MILAN, Italy — Pirelli & C. S.p.A. is targeting savings of nearly $570 million over the coming three years, the company disclosed this week as part of its 2020-22 industrial plan.
The cost savings are designed to help drive the firm's operating ratio up by a percentage point or two to 18%-19% over the 2019 result.
The three-year plan aims to strengthen Pirelli's business model through three key programs of cost competitiveness, commercial development and technology-based innovation, Executive Vice Chairman and CEO Marco Tronchetti Provera said in presenting the plan.
Launched in the final quarter of 2019, the cost containment program is expected to deliver $200 million in savings in 2020, followed by an additional $365 million in 2021-2022, Mr. Provera said.
As part of the initiative, Pirelli is consolidating its production footprint by reorganizing its Brazilian operations and converting production in Bollate, Italy, to high-performance Velo bicycle tires.
In Brazil, the previously announced restructuring will continue with the closing of a plant in Gravataí and the transfer of motorcycle tire production to a factory in Campinas, Sao Paulo.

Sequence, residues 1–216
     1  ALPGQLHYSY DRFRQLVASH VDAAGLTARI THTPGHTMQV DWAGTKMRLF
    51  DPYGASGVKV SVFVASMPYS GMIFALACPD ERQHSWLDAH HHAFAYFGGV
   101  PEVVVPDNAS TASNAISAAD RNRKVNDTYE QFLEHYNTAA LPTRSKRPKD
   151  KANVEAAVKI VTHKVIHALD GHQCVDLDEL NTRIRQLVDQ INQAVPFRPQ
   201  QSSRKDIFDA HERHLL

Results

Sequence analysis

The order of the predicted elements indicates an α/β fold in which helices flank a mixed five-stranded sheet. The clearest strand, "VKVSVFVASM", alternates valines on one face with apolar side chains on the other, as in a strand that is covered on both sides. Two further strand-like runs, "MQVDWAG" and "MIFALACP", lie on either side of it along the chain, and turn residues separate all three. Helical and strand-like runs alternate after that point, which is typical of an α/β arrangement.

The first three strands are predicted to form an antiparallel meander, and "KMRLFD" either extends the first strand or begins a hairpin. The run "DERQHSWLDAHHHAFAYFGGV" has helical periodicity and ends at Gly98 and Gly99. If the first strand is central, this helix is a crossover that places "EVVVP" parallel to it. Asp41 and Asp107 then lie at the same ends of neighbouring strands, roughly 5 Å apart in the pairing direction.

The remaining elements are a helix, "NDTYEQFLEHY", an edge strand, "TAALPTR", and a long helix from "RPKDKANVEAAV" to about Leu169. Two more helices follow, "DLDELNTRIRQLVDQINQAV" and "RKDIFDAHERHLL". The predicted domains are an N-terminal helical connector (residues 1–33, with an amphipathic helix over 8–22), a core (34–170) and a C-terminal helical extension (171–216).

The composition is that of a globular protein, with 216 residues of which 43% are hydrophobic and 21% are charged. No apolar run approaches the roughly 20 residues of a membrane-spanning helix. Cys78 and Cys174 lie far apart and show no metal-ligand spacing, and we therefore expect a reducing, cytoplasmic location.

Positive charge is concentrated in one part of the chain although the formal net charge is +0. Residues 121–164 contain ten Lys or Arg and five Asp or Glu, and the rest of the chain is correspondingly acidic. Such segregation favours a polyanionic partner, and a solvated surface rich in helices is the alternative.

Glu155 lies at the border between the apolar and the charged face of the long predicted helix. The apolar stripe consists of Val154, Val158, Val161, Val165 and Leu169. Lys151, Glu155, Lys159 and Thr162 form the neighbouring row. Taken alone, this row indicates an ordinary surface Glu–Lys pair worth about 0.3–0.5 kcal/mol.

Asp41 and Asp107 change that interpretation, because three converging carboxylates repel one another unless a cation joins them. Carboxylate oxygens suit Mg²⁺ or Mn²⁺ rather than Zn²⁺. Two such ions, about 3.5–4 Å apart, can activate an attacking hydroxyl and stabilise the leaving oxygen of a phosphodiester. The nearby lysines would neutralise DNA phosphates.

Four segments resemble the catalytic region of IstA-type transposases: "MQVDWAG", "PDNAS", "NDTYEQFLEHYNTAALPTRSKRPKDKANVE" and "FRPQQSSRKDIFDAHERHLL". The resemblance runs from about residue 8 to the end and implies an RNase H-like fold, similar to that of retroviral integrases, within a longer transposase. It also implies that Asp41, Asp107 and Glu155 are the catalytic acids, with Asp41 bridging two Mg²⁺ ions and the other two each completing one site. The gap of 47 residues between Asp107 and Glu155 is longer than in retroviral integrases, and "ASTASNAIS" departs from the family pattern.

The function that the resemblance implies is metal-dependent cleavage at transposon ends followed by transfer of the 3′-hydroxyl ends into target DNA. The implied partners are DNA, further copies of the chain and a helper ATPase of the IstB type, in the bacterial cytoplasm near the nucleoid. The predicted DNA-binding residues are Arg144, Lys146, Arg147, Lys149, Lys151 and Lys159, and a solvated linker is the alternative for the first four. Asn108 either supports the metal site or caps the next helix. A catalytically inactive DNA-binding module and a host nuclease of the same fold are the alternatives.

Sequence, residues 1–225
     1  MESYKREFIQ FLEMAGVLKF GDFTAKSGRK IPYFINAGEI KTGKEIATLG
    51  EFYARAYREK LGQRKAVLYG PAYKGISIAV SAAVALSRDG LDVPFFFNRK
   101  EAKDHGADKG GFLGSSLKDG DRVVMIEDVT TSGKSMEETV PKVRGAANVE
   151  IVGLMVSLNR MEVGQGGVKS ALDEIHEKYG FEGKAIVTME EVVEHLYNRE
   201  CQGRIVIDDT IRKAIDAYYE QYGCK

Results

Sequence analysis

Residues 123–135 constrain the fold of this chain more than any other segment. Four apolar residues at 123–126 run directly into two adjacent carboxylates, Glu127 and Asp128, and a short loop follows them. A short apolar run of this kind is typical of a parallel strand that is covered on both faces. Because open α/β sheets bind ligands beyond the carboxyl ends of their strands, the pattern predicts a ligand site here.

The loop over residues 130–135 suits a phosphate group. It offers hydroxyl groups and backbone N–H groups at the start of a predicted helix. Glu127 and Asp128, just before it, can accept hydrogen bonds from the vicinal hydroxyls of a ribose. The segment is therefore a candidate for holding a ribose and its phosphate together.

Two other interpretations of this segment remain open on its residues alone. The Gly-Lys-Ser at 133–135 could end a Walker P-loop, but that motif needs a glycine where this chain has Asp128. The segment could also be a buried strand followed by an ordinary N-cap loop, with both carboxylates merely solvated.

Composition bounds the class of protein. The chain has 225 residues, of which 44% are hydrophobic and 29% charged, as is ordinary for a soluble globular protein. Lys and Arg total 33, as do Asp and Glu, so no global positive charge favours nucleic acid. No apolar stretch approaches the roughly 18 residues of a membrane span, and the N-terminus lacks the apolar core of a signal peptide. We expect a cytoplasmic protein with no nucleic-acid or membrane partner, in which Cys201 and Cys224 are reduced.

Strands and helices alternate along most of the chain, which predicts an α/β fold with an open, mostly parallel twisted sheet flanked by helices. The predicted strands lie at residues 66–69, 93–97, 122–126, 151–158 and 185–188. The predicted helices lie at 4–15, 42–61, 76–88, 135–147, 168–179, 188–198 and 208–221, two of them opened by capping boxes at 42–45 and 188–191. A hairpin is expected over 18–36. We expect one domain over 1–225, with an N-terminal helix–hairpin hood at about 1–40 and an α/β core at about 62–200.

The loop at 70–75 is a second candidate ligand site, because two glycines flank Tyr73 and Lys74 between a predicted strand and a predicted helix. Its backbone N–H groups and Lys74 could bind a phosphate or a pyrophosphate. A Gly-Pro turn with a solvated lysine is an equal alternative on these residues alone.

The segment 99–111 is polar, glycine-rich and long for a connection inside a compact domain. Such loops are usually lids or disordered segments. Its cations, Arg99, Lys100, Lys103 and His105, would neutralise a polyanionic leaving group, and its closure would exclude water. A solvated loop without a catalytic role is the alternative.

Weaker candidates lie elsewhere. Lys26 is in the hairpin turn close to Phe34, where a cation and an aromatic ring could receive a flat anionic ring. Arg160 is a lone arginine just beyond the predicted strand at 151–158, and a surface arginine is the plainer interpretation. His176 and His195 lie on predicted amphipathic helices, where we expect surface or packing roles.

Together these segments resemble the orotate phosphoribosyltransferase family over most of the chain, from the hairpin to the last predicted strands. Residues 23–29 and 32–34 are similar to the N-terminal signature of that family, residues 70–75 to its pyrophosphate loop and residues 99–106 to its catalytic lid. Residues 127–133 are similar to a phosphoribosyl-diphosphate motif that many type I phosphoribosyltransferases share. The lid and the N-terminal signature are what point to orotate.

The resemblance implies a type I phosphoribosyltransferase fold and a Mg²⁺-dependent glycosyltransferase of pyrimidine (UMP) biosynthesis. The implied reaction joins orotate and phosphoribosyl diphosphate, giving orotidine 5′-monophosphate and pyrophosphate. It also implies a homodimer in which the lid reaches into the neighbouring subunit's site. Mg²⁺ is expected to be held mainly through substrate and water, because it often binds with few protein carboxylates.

In Italy, Pirelli will discontinue the production of standard car tires at its Bollate plant and move the production to Russia, Mr. Tranchetti added.
The Italian tire maker expects savings of $175 million from the restructuring of its operations, of which around $45 million will be achieved in 2020.
Pirelli also said it would initiate a series of measures to optimize its product range.
"A large part of our cuts are coming from product costs, and this is where we will leverage technology, modeling (and) simulators," Mr. Tronchetti said. "We are going to cut the launch of new products by 30%."
Here, the company will aim to optimize the range and specifications of its tires while moving to "simplify and rationalize" tire components structurally. This move should yield savings of $175 million, of which $55 million is to be achieved this year, the company said.
Using advanced marketing tools and strictly controlling overheads, Pirelli also said it expects to save $110 million in selling, general and administrative expenses, starting with $45 million in 2020
Another $100 million of savings, $55 million this year, will be achieved through the re-engineering of processes and digital transformation, as well as by increasing the variable component on overall salaries.
By the end of the three-year period, Pirelli said it expects to have 18 plants in operation, with more than 80% of its production capacity located in low-cost countries.
Of those plants, nine will be "fully high value" — producing high-rim size tires — with six of the plants equipped with new robotized machinery.